In the 1990s, there were a few additional significant publications on the HACCP concept. For example, a how-to manual, “Procedures to Implement the Hazard Analysis Critical Control Point System,” was prepared by the Committee on Communicable Diseases Affecting Man of the International Association of Milk, Food and Environmental Sanitarians.11 A hazard analysis manual for use in developing countries was published by the World Health Organization (WHO), and other materials on the subject have been issued by this organization.[12-16] Seven principles of the HACCP concept were specified by the National Advisory Committee on Microbiological Criteria for Foods (NACMCF).17 Many organizations have developed manuals or guidelines on this concept.18 The concept was further defined by the Codex Alimentarius Commission and NACMCF.[19-21] Within many texts and chapters there are reproductions of regulation and guidelines by U.S. federal agencies that relate to HACCP systems.[22-24]
The seven principles of the HACCP concept have been stated and restated; these are:
1. Conduct a hazard analysis.
2. Determine the CCPs in the process.
3. Establish critical limits for preventive measures associated with each identified CCP.
4. Establish CCP monitoring requirements and monitor.
5. Establish corrective actions to be taken when monitoring indicates that there is a deviation from an established critical limit.
6. Establish procedures for verification that the HACCP system is working effectively.
7. Establish effective documentation of all procedures and records appropriate to these principles and their application.
The HACCP approach is a series of interrelated actions that can be applied at any link of the food chain—production, processing, transporting, storing, marketing and preparing—or in establishments for which it is designed, implemented and maintained. It is basically a hazard-focused, self-monitoring activity. It is applicable for large and small, privately- owned and chain establishments. The HACCP concept is rational because it is based on historical data about causes of illness. It focuses attention on critical operations where control is essential. It is comprehensive because it relates to ingredients, processes and subsequent uses of products. It is continuous because problems are detected when they occur and action then is taken for correction. It is systematic because it is a thorough plan covering step-by-step operations. These are the benefits of the HACCP concept for food safety, and there is high assurance of low risk of foodborne illness resulting from products processed and prepared under a properly designed, implemented and maintained HACCP system.
As the HACCP concept evolved, it became the most clearly defined and focused concept of all the approaches for food safety. This is why it is difficult to understand the misunderstanding of the concept that exists in the minds of some persons and its misuse in some establishments. Certain groups have reworded a few of the early definitions (sometimes to the detriment of the concept) and included agenda, such as prerequisites, diverting the initial intent of the approach from the prevention of foodborne diseases to good manufacturing practices and sanitation or food regulatory control. These misunderstandings and misuses probably occurred because many persons who use the terms associated with the concept have not read carefully the key articles and texts cited above, and they jumped to conclusions based on fragmentary information coupled with an unwillingness to change their original concepts of food sanitation and food regulations.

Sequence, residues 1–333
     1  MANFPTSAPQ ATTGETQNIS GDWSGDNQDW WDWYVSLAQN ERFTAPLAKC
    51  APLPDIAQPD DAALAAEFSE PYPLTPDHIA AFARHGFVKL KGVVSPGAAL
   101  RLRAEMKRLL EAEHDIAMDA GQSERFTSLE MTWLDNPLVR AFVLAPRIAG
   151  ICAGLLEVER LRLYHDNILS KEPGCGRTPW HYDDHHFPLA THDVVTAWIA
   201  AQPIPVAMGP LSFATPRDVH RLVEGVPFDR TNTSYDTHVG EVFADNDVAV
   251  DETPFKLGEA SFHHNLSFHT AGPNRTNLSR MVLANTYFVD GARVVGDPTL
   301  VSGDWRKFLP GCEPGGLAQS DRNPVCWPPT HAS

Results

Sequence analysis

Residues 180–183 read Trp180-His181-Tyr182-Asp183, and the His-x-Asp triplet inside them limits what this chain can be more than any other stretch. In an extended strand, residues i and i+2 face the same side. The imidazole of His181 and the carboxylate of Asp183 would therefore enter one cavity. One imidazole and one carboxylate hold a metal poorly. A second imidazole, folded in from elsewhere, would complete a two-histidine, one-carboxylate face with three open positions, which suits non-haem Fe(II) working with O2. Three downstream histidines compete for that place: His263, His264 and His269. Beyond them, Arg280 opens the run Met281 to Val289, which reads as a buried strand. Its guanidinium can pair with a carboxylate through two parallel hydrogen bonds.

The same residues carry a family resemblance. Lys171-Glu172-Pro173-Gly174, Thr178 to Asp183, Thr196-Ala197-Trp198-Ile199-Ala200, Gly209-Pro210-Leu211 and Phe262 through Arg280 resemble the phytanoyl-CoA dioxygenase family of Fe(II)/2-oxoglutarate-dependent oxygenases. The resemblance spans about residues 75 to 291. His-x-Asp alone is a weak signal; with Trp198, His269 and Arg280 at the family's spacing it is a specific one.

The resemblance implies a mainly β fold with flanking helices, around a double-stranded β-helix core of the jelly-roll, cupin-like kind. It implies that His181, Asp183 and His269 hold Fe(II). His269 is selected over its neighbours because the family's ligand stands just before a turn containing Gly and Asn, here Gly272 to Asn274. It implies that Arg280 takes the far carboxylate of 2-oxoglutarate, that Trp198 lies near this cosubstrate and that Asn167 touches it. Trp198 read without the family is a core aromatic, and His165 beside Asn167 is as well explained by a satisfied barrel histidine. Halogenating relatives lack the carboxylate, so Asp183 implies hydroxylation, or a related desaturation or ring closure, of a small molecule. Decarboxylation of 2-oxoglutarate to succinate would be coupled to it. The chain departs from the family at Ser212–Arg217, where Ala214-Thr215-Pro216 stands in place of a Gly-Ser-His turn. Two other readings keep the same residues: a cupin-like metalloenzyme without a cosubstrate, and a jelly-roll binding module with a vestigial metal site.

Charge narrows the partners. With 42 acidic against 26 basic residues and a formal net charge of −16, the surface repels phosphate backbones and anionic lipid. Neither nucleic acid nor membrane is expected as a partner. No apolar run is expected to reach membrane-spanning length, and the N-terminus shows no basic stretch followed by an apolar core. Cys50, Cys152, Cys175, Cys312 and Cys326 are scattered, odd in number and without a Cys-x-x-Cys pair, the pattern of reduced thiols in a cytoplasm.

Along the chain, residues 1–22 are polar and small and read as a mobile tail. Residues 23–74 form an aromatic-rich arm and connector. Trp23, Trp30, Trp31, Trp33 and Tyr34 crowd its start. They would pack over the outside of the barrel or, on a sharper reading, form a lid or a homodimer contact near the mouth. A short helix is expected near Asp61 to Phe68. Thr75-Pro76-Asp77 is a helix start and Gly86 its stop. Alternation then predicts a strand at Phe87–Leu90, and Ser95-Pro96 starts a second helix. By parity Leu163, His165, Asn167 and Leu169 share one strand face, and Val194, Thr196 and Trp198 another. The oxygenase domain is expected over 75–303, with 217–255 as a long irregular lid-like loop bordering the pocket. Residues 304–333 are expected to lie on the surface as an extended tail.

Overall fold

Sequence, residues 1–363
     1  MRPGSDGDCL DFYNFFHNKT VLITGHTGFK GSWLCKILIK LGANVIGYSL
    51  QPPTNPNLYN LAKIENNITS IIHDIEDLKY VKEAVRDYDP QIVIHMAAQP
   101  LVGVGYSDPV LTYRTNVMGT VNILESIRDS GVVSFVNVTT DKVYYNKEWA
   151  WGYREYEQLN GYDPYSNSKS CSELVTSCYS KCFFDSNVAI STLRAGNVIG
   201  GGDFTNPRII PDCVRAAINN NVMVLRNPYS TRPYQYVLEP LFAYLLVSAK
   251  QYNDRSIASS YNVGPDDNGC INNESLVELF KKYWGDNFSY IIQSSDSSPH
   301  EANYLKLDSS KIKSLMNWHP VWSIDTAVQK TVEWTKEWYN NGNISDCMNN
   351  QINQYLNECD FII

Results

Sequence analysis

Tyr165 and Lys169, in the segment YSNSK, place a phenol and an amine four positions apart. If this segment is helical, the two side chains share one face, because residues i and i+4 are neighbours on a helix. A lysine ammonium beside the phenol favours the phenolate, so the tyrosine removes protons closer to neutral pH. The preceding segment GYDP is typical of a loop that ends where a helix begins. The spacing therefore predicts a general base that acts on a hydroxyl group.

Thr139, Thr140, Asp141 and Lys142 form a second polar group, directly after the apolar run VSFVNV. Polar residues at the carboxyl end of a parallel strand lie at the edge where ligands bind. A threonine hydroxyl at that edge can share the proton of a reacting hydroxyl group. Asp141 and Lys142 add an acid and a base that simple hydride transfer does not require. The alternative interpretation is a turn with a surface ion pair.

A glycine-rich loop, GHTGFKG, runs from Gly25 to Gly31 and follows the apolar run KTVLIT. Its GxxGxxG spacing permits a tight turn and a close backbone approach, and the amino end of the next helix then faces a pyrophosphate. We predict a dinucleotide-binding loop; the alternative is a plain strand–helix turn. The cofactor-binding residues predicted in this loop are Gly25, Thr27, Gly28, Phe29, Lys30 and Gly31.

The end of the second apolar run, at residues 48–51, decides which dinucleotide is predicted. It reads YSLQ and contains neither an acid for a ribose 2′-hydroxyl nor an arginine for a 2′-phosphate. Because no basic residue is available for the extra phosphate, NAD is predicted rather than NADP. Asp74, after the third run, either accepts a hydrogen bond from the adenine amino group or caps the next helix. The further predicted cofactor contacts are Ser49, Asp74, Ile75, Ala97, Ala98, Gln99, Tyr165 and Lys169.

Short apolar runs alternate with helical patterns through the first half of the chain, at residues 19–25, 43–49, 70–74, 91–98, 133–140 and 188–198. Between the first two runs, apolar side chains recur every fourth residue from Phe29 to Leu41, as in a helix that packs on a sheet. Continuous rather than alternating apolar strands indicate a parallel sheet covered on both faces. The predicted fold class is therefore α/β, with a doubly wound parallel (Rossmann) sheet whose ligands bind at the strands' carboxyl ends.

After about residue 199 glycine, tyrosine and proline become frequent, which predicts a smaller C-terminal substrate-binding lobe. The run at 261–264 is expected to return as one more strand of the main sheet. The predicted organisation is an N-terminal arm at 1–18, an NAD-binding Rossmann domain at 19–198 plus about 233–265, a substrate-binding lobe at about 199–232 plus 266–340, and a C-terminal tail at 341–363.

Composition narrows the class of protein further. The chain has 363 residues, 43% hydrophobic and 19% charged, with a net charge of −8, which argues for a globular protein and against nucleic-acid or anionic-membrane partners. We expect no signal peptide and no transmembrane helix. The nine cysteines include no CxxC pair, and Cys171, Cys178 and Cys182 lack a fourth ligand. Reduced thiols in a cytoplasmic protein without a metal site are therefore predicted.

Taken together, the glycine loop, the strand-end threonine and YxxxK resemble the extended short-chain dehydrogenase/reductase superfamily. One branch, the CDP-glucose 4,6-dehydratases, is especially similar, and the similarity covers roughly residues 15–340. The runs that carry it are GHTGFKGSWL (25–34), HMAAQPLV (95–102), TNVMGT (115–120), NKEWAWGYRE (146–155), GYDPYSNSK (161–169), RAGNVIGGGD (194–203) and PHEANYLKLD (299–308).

If all of these principles and activities are in effect in this near-utopian concept, why are contaminated foods found and out-of-compliance code violations identified, and why do foodborne diseases frequently occur? Something is either missing or improperly designed or applied. Limitations of the design and implementation of HACCP systems are discussed with reference to each principle of the HACCP concept.
Hazard Analyses and Risk Assessments
The Codex Alimentarius HACCP document defines “hazard” as “a biological, chemical or physical agent in, or condition of, food with the potential to cause an adverse health effect.” The NACMCF document defines the word similarly, but states that the agent is “…reasonably likely to cause illness or injury in the absence of its control.” These are quite general definitions, but the word “hazard” in context to the HACCP concept needs to relate to contamination, survival of contaminants and propagation of pathogens or other hazardous substances associated with food to guide hazard analyses and verification/validation activities. Hazard analyses are, therefore, (a) investigations that detect hazards (source and mode of actual or potential contamination by pathogens, their survival during processing and their propagation), and/or (b) reviews of data generated in the establishment or industry and from epidemiological or scientific investigations that have detected actual or potential hazards.